Demystifying SSD Wear Leveling
Solid state storage brings high performance, but demands an effective way to spread writes to the drive to minimize risk of early failure.
Solid state storage brings high performance to the enterprise through memory-based, zero-latent storage. It also brings with it new terms that may be confusing. One of those is wear leveling. Most solid state storage vendors have controllers on the memory that handle wear leveling for you, but the reason to understand wear leveling is so that you understand how it impacts the performance of the storage systems you are purchasing.
As I discussed in Collecting The SSD Garbage, when data is written to a flash cell, if there is old data in that cell it must be cleared out first by writing zeros to it. After a few months of use there is almost always data in every flash cell, so this double-write occurs on every write. A flash cell can be written to only so many times before it fails or wears out. As long as that wear out occurs several years after you purchased it and you have some warning that it is getting ready to fail, that is not a major problem to manage.
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What you don't want is to have just a few cells in the environment receive the majority of the writes and wear out before the other flash cells. This might cause the storage to fail when most of the memory on it is still usable. Wear leveling fixes this. It makes sure that the write load is spread out as evenly as possible across all the cells in the environment. Different controllers will have different success rates in that distribution and it is something to test.
Testing how effectively a drive utilizes wear leveling is fairly easy. As my colleagues and I discussed in our recent webinar that guides you through understanding solid state "specsmanship," there is a self-monitoring, analysis, and reporting technology (SMART) statistic that will report how much life a drive has left. Using this information when comparing solid state technology will go a long way toward understanding which drives will last the longest.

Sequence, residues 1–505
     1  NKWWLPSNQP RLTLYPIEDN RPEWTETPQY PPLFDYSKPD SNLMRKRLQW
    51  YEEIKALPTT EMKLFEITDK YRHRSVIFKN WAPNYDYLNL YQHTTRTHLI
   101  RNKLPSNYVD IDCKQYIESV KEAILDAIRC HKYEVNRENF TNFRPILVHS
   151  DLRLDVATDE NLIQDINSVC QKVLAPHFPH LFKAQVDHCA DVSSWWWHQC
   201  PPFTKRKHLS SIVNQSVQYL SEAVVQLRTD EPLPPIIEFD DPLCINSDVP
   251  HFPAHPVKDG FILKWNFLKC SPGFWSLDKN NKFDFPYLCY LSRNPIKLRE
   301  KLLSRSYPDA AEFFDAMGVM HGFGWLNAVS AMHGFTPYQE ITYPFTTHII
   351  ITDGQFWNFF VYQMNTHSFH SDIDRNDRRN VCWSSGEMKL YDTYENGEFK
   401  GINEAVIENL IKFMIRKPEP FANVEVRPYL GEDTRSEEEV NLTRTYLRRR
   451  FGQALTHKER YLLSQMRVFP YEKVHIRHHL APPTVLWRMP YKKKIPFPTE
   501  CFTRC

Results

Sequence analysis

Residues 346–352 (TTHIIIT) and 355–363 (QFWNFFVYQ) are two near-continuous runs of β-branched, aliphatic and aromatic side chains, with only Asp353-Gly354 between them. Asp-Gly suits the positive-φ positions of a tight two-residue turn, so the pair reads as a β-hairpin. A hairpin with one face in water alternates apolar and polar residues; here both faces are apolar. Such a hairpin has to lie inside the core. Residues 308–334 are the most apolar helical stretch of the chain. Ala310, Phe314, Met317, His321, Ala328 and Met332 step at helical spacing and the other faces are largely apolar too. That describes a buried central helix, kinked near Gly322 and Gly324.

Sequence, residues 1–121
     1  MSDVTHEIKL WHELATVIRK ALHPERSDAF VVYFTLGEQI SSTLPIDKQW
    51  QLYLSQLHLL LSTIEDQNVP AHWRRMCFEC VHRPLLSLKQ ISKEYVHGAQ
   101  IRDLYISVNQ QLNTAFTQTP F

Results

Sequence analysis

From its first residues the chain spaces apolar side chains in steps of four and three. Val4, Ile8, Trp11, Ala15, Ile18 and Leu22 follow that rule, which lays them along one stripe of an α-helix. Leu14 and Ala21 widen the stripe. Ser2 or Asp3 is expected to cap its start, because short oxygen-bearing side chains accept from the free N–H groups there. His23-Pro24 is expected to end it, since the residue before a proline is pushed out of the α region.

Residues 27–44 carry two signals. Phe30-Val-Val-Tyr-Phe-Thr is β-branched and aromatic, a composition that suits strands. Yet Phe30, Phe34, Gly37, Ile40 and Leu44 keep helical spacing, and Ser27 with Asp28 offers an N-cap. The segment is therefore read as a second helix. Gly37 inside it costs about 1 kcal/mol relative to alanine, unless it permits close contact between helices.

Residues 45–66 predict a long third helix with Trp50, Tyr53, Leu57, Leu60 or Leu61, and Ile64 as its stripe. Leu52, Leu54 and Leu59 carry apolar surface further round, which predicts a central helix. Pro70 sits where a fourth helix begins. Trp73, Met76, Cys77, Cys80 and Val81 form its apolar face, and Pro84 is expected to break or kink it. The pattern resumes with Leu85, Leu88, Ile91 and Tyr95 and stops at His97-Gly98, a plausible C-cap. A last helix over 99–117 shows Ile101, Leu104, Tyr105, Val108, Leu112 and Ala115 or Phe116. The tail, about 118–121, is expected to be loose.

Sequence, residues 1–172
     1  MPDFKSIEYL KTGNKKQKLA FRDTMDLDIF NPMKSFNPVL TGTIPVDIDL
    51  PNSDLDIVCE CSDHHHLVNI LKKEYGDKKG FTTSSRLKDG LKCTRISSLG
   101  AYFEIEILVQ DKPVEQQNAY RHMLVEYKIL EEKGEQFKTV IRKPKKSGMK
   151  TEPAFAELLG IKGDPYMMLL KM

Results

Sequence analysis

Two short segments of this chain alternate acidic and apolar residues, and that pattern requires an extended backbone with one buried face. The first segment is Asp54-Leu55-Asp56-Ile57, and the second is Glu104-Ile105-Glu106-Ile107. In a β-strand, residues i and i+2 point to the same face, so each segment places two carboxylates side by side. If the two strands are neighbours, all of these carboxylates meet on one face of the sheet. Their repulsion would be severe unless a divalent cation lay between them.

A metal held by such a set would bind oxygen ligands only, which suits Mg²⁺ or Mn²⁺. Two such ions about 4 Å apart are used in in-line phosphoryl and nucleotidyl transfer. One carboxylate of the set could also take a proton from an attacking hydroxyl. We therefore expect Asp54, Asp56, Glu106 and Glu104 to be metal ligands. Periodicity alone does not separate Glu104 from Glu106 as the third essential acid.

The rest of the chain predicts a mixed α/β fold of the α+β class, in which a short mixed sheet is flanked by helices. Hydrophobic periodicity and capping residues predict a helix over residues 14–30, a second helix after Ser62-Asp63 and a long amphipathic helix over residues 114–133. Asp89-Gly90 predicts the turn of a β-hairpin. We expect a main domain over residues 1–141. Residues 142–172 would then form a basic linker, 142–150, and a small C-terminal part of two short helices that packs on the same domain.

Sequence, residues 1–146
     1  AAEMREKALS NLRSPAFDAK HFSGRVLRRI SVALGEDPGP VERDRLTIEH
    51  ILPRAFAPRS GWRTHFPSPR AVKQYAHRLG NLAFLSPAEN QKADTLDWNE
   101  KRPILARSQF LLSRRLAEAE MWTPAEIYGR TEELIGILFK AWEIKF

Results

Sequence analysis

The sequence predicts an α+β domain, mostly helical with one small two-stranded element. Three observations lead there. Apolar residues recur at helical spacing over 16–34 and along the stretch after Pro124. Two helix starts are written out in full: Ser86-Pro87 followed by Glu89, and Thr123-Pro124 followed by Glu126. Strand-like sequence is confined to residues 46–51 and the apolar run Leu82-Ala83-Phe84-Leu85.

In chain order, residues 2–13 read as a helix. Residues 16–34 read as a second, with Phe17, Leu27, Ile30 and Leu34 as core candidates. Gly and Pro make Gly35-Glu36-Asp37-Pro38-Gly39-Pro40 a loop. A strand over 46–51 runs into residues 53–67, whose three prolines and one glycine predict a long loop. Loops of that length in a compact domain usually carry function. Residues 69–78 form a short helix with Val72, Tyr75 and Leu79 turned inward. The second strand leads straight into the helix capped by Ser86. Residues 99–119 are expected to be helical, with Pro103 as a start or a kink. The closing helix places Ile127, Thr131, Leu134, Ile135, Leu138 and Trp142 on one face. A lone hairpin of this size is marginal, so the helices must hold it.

It is important to note that memory wear-out concerns are unique to flash-based memory, As I discussed in a recent article. The Advantages of DRAM SSD, DRAM-based systems do not have to worry about memory wear and--under the right circumstances--that may be a compelling reason to consider DRAM-based storage. For many applications, though, the price/performance reality of flash-based storage is simply too attractive, which is why we need to know what wear leveling is and how the flash-based vendors are handling it.
The environment in which you use solid state storage will also directly impact how long it will last. Certain environments may wear through the drives much sooner than the five years that is often touted, while others may see a significantly longer life. In an upcoming entry, I will discuss how the various environments and use-cases can impact solid state.
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